With 14 mergers recorded between late
October and early November, the marquee
union was sealed between Clifton Gunderson and LarsonAllen, which will become effective January 2.
;e merged entity will be known as CliftonLarsonAllen and immediately create one
of the top 10 accounting ;rms in the U.S., with
combined revenues of between $550 million
and $560 million.
;e two ;rms revealed they began discussions in the spring. ;e ;rms had worked together closely in the past, including on peer
Also as we went to press, global CPA and
business advisory firm Grant Thornton is
currently in negotiations to acquire Bos-ton-based regional ;rm CCR. According to
Accounting Today’s 2011 Top 100 Firms and
Regional Firms report, CCR generated $30
million in revenue. It reported 29 partners
and ;ve o;ces.
Grant ;ornton, which ranked No 6. On
the 2011 Top 100 Firms list with revenues of
roughly $1.1 billion, has a Boston-area presence of roughly 175 people. Upon completion, the union would forge the sixth-largest
CPA ;rm in Massachusetts.
(For more, see expanded M&A Watch on
Separately, GT unveiled a new growth and
branding positioning that includes an M&A
agenda, a new web site and marketing materials. ;e ;rm worked with high-pro;le ad
agency Ogilvy & Mather and market research
agency Millward Brown to create the new
The Financial Accounting Foundation
has sent a comment letter to the Securities
and Exchange Commission supporting the
so-called “condorsement” approach to incorporating International Financial Reporting
Standards into the U.S. ;nancial reporting
system, but with some important changes.
;e SEC sta; issued a paper in May containing a work plan describing how such an
approach might work. “Condorsement,” a
portmanteau word combining convergence
with endorsement, would allow IFRS to be
incorporated one standard at a time into U. S.
GAAP as the Financial Accounting Standards
Board and the International Accounting Standards Board agree on a converged solution.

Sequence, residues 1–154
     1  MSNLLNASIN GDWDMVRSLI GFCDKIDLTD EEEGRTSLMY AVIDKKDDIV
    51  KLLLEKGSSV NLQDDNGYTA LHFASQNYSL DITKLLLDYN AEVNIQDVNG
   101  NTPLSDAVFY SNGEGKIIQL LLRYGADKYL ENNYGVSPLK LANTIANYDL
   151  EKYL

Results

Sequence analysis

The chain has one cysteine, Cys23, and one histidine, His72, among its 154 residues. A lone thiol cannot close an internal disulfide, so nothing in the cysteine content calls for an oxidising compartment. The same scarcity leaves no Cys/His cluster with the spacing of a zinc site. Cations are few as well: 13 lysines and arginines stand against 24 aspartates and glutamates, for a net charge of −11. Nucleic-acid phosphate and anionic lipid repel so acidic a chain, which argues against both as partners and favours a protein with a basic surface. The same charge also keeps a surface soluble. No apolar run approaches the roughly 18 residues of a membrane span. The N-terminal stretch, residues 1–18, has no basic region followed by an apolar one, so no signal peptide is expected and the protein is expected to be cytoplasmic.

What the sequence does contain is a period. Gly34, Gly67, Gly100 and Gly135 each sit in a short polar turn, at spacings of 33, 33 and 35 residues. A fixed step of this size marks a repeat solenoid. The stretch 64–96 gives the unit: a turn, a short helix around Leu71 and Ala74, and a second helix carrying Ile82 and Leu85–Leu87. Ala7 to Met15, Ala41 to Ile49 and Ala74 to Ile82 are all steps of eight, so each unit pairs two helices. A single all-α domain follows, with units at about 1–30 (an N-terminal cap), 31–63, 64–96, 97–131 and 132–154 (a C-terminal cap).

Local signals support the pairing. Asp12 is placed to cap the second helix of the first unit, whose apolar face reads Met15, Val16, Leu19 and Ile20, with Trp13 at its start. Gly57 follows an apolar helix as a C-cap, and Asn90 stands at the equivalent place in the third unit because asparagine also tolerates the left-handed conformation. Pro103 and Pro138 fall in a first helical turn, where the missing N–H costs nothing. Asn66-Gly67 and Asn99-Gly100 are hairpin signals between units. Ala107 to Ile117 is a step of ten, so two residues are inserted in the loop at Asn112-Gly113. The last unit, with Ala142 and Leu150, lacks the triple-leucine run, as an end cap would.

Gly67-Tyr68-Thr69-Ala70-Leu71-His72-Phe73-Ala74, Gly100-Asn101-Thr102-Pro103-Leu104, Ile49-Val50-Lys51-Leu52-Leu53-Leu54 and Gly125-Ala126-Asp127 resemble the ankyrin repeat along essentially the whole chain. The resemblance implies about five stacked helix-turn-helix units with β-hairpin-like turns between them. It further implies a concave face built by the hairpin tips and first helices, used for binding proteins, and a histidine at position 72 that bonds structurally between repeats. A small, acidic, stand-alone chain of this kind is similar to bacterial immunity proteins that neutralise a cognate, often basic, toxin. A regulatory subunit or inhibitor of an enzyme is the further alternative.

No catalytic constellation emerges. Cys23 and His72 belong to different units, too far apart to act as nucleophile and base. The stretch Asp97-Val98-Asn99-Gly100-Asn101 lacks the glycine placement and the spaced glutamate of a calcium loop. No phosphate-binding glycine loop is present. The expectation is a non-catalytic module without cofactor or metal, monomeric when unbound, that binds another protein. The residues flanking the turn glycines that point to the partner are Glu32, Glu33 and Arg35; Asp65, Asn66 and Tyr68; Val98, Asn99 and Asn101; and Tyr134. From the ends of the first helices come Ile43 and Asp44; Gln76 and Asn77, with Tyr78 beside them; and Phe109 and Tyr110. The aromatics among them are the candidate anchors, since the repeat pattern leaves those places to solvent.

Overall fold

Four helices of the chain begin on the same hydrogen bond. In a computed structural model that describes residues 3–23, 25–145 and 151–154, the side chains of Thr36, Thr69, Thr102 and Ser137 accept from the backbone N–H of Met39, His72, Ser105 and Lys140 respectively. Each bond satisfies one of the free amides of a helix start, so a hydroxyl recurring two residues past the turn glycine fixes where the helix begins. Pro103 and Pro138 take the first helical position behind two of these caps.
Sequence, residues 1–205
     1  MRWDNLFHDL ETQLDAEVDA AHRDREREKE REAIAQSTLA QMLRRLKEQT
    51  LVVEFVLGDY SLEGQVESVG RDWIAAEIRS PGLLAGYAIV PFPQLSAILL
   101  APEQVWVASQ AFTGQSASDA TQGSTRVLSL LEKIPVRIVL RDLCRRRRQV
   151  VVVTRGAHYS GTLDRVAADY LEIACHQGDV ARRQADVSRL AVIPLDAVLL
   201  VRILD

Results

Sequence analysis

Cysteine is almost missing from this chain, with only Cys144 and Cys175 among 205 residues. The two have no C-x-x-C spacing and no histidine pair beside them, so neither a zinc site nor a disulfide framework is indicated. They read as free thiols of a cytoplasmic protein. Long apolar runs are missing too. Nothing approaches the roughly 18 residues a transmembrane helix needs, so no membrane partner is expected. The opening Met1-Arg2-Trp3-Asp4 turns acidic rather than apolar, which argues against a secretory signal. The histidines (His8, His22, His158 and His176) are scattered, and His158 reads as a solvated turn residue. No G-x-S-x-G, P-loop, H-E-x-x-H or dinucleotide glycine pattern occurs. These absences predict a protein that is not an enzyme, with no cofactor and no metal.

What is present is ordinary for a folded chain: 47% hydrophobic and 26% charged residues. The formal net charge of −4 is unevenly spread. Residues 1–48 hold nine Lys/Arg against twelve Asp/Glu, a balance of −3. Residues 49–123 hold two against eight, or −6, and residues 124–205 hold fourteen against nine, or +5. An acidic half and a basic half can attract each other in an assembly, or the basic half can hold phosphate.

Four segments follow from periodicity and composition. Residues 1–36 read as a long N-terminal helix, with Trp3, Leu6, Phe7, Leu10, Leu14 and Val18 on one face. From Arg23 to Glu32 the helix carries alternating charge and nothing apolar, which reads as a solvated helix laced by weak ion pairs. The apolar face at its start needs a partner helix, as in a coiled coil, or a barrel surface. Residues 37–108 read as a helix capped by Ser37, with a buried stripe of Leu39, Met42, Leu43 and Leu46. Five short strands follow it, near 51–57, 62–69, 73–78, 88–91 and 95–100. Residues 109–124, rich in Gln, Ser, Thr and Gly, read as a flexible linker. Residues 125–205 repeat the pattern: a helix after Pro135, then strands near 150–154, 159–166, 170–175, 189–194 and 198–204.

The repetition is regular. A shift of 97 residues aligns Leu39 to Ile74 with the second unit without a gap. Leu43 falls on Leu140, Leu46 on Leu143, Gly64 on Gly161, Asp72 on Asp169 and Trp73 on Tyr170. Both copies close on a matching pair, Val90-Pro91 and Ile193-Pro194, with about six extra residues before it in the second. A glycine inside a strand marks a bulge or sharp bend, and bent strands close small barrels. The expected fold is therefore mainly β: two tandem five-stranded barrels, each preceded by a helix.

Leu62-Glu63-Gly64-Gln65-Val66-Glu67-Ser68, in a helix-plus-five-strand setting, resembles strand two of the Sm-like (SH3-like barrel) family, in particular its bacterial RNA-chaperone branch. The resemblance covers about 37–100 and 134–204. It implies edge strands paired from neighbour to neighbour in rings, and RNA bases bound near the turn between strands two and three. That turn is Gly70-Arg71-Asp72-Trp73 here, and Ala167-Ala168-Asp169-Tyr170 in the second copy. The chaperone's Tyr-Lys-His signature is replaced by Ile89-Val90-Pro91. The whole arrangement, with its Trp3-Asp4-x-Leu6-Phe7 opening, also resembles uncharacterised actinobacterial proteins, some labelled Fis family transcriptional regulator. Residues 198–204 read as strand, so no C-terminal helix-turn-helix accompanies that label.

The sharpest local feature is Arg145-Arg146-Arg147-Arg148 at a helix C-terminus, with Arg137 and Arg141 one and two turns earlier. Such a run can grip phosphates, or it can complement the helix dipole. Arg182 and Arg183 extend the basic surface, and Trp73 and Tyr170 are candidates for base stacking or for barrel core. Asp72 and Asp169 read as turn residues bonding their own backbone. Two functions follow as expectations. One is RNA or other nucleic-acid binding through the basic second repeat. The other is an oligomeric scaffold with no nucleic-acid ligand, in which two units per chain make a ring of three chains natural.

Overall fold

;e FAF board of trustees which oversees
FASB, issued a comment letter effectively
backing the approach described by the SEC
sta;, but with a few important caveats that
would preserve the role of FASB and the
authority of the SEC in the standard-setting
process and give FASB the ability to preserve
some exceptions for U.S. companies during
Also, FASB and the International Ac-
counting Standards Board published revised
proposals for revenue recognition as part of
their continuing e;orts at convergence.
;e revised proposals make good on the
two boards’ previously announced intention
to re-expose the latest version of their current
;e revised draft standard aims to improve
the ;nancial reporting requirements for U.S.
GAAP and International Financial Reporting Standards for revenue and some of the
related costs from contracts with customers.
The latest proposals promise to provide a
more robust framework for addressing revenue recognition issues; remove inconsistencies from existing requirements; improve
comparability across companies, industries
and capital markets; provide more useful
information to users of ;nancial statements
through improved disclosure requirements;
and simplify the preparation of financial
statements by streamlining the volume of
;e IRS has issued a revenue ruling per-
mitting an employer that is using an accrual
method of accounting to take a deduction
in the current year for a ;xed amount of bonuses payable to a group of employees, even
though the employer does not know which
of the employees will receive a bonus or the
amount of any particular bonus until after the
end of the taxable year.
Under Revenue Ruling 2011-29, employers could take a deduction on the bonuses,
whether or not the employees has determined who will receive the bonus.
State tax revenues increased 10. 8 percent
in the second quarter of 2011, but revenues for
local governments headed in the opposite direction.
An analysis by the Nelson A. Rockefeller Institute of Government at the University of Alba-
See WATCH on
ACCOUNTANTS CONFIDENCE INDEX
In partnership with ADP®
Perhaps it was the holiday
spirit, but the ACI revealed a
far cheerier outlook this month
than last, with survey participants displaying much more
enthusiasm for the economy.
Both the short-term (
three-month) and mid-term (
six-month) outlooks turned upward
More heartening may be
the fact that, for the ;rst time
since we began collecting the
ACI data, our respondents indicated that they expect the U.S.
economy to expand in both the
short- and the mid-term.
All responses from an November 2011 survey of the
Accounting Today Executive Research Council, an
online panel of over 1,500 accounting professionals.
The ACI was created in partnership with:
ADP and the ADP logo are registered trademarks of ADP, Inc.